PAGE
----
You can transfer the balance to a credit card with a lower interest rate as long as the new credit card is issued by a bank that’s not affiliated with the one currently holding the debt. But generally speaking, a balance transfer credit card — a credit card that offers 0% interest for a promotional period of time — may serve you best. The cards may charge a one-time balance transfer fee, which can range from 2 to 5 percent. The interest-free period allows you to avoid paying interest as you focus on paying down the balance. The promotional period varies from card to card.

— Learn more about using balance transfers to pay off debt here

A HELOC or Home equity loan

If you have enough equity built up in your home, you may be able to take out a home equity loan of a Home Equity line of credit. A home equity loan or a HELOC can be a strategic debt consolidation tool if you use it to consolidate debts that carry higher interest rates like student loans or medical debt.

How it works

A home equity loan functions similarly to a personal loan. You’d receive a lump sum cash loan to pay off the debts you want to consolidate, then pay back the home equity loan in installments, at a fixed interest rate.

A home equity line of credit (HELOC) operates similarly to a credit card. It’s a line of credit with a set credit limit. You can borrow from that limit anytime while the line of credit is open to pay off your debts. Because you only pay interest on the amount of money you use from the line of credit, your payment may not be fixed each month. In addition, the interest rate on a HELOC will usually vary with the market, so your rates could change anytime affecting your monthly payment.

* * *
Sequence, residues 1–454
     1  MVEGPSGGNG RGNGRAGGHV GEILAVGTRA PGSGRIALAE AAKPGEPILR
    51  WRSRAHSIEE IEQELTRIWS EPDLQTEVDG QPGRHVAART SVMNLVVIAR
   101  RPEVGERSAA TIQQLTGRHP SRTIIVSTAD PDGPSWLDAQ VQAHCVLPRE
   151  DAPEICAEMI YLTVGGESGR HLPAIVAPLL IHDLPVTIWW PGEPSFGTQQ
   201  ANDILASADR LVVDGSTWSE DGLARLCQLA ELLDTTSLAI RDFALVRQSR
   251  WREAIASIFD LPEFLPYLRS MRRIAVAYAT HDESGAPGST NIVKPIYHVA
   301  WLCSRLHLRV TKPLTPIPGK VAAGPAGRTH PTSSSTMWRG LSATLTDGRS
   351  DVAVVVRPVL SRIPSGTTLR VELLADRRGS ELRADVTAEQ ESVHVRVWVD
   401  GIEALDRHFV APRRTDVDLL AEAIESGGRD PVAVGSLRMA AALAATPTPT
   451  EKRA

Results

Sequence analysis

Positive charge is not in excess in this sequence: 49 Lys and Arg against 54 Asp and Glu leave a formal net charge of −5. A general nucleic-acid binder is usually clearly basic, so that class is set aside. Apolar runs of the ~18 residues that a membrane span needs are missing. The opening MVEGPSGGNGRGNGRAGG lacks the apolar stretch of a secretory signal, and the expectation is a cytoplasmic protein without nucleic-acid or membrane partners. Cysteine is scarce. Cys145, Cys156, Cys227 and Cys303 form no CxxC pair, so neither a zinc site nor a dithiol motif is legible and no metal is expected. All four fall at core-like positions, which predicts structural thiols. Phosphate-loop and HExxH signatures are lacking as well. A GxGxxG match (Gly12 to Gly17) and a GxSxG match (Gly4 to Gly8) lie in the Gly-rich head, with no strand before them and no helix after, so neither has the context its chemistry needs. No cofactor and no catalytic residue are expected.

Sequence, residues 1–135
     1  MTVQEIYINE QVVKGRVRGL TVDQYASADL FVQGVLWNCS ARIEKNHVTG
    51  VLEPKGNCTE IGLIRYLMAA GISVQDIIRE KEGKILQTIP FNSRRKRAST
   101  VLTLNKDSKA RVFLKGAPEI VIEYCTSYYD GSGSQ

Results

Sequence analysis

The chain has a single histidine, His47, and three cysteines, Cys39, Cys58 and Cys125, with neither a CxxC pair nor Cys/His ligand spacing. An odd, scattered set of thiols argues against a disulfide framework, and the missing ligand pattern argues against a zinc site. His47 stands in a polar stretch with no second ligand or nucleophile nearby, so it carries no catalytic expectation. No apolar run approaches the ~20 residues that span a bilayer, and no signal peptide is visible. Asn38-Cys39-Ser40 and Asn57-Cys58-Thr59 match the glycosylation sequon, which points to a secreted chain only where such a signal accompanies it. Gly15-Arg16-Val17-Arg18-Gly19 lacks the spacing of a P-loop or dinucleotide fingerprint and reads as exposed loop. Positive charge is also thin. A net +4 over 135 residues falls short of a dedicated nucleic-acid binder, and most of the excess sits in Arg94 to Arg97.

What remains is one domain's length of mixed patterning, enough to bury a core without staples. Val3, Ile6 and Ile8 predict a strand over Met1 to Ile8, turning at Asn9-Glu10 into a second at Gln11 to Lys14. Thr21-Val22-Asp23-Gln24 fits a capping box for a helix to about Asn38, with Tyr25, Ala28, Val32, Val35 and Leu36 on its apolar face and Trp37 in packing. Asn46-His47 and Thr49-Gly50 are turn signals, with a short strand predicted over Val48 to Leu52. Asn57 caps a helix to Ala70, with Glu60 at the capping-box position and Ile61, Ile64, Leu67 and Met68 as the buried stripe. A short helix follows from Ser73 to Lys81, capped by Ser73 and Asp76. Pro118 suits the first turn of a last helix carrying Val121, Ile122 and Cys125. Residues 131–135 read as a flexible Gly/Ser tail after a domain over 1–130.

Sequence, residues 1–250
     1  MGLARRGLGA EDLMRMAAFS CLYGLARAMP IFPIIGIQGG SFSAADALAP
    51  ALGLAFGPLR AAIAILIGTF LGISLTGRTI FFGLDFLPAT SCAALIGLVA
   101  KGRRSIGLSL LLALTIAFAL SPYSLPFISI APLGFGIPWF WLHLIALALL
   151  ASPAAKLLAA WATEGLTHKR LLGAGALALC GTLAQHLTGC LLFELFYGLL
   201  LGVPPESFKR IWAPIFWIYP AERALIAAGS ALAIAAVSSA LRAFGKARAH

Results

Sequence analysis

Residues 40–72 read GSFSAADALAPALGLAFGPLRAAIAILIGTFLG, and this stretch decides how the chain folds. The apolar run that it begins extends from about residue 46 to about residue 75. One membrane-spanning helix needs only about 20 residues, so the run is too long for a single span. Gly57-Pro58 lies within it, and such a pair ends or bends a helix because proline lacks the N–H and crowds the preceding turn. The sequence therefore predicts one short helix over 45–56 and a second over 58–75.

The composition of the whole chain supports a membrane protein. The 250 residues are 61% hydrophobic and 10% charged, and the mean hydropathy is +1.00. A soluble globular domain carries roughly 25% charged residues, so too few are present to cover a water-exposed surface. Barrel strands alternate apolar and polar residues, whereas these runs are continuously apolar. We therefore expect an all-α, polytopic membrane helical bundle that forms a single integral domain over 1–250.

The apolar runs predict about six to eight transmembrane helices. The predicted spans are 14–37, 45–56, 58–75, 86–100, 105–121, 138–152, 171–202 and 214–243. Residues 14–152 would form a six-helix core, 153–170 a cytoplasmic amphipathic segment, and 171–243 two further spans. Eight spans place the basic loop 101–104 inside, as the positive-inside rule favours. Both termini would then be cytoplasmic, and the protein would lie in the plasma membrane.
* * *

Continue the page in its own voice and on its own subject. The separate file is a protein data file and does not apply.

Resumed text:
Using a HELOC or home equity loan to consolidate debt is a risky move because the loan is backed by the value in your home, so you risk losing your home if you run into financial difficulty in the future.

>> You can learn more about pros and cons to all debt consolidation methods here!

What to look for when applying for a personal loan to pay off debt

When you’re shopping around for a personal loan for debt consolidation, you may get a myriad of loan offers — different amounts, different interest rates and varying terms from bank to bank. Here are a few tips to make sure the loan you eventually decide on fits both your financial need and your budget.

Look for the lowest interest rate

Don’t simply look for an interest rate that’s lower than the rate you’re currently paying on the debts you want to consolidate; that’s only a start. But for the most cost savings, you should shop around and compare rates on the personal loans you are offered. Your best bet is to go with the loan with the lowest interest rate you can find on payment terms that fit your budget.

Consider the length of the loan

You should choose a personal loan with the shortest term you can find on a payment that fits within your budget. The length of the personal loan you use to consolidate debt matters. Because personal loans generally have high-interest rates, the shorter your loan term is, the more you’re likely to save on interest payments.

Consider what you can pay each month

The whole point of debt consolidation is to help you be able to afford your debt payments each month, so the last thing you want to do is take out a debt consolidation loan you can’t afford. Look for a personal loan with payment terms that match your budget and compare options before you decide on a loan. LendingTree, has a loan calculator you can try out to see what your possible monthly payments would be on the personal loans you’re offered.

Avoid hidden fees